Object StatementObject lesson card, part of collection, 'Tin and Pewter', framed, metal / cardboard / glass / wood / textile, published by Oliver and Boyd, Edinburgh, Scotland, 1880-1884
Physical DescriptionThis is one of a set of inexpensive cards designed for use in classrooms but framed at considerable expense for the purpose of exhibition. Most of the cards, whose subjects relate to the Animal, Vegetable or Mineral Kingdom, have an illustration as well as text and specimens. This card, Mineral Kingdom No 7, has an illustration of the 'Great Bell of Moscow'. The specimens are tin ore, a tiny tin platter, and a tiny pewter jug. Under the card's heading are lists of trades and manufactures that use these metals, and under them the specimens are named.
The text recounts the story that the ancient Phoenicians sailed from the eastern Mediterranean to Cornwall to obtain tin. It explains how the ore is processed to produce tin ingots. It states that tin, or iron plated with tin, has many household uses such as pots and cutlery, and it mentions lacquering and japanning as methods to decorate its surface. It notes that pewter was long used for making household vessels, but that the main type of vessel still made from it is the tankard. It lists many uses of Britannia metal, an alloy of tin and lead, and it briefly mentions bell-metal, an alloy of tin and copper.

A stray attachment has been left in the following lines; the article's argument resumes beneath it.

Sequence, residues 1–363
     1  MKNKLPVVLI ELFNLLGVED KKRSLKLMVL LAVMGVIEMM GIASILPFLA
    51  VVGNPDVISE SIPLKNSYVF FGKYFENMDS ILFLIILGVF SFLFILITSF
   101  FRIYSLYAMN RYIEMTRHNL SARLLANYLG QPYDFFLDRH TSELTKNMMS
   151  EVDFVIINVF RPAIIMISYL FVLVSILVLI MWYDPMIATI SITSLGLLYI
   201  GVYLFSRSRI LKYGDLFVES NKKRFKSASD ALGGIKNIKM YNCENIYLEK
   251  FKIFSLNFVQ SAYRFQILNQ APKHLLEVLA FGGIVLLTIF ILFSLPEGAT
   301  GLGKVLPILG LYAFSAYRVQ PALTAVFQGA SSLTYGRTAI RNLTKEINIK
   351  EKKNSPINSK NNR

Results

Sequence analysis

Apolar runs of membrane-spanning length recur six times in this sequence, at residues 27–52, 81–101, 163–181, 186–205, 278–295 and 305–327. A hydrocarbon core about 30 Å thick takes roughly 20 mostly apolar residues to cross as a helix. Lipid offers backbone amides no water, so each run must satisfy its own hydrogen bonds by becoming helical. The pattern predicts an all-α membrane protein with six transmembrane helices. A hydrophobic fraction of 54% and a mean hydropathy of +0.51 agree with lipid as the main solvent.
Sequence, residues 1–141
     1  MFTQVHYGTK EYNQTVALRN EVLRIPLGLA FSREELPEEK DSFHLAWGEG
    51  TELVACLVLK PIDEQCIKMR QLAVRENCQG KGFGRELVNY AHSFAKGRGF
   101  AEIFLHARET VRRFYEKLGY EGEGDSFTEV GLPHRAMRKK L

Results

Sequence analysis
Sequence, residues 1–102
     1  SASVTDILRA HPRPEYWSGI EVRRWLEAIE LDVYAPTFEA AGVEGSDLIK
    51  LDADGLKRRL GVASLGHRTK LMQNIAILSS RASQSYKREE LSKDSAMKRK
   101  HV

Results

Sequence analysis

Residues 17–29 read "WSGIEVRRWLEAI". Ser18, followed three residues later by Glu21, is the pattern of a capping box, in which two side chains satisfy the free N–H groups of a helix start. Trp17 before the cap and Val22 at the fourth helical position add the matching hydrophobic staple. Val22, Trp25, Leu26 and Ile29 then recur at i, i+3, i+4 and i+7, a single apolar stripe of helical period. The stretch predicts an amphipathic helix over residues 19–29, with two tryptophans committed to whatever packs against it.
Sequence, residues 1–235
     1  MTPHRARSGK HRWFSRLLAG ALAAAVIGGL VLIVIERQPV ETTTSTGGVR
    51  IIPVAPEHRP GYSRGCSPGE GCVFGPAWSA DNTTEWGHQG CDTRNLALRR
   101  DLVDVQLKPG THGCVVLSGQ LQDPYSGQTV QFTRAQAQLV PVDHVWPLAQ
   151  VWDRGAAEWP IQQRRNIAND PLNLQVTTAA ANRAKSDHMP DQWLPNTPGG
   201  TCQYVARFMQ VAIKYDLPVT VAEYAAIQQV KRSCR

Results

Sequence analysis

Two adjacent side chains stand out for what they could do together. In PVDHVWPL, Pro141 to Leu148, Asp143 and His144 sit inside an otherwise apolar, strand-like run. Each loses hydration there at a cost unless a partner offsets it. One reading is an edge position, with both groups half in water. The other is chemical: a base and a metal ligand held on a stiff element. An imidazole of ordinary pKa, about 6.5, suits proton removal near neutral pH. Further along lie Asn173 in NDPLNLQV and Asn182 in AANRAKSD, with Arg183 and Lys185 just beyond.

Below the explanatory text is written: OLIVER AND BOYD, TWEEDDALE COURT, EDINBURGH / SET OF TWENTY, Price 21s LONDON: SIMPKIN, MARSHALL AND CO.
There are two metal-reinforced holes near the top of the card for hanging it in a classroom. The wooden frame is painted black with gilt edging and has two rings attached on the top edge for hanging it in an exhibition. The price of 21 shillings for a set of twenty cards would not have included the frames.